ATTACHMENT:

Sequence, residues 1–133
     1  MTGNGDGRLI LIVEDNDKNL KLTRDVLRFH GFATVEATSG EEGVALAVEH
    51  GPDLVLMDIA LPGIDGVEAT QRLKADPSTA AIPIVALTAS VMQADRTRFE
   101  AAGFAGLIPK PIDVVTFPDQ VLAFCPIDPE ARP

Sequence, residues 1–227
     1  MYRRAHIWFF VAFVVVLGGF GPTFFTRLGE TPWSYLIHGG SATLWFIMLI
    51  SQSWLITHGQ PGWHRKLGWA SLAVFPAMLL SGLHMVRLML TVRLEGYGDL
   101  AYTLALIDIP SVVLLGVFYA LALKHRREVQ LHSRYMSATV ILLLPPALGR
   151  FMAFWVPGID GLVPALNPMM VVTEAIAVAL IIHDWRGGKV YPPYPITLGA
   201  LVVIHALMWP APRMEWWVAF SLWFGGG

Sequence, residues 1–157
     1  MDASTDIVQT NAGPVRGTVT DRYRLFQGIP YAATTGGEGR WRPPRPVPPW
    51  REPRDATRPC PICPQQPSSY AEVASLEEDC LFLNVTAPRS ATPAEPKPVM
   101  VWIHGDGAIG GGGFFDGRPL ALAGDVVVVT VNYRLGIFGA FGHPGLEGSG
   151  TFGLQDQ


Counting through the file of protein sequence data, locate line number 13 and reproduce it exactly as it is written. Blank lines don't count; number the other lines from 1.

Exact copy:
    51  REPRDATRPC PICPQQPSSY AEVASLEEDC LFLNVTAPRS ATPAEPKPVM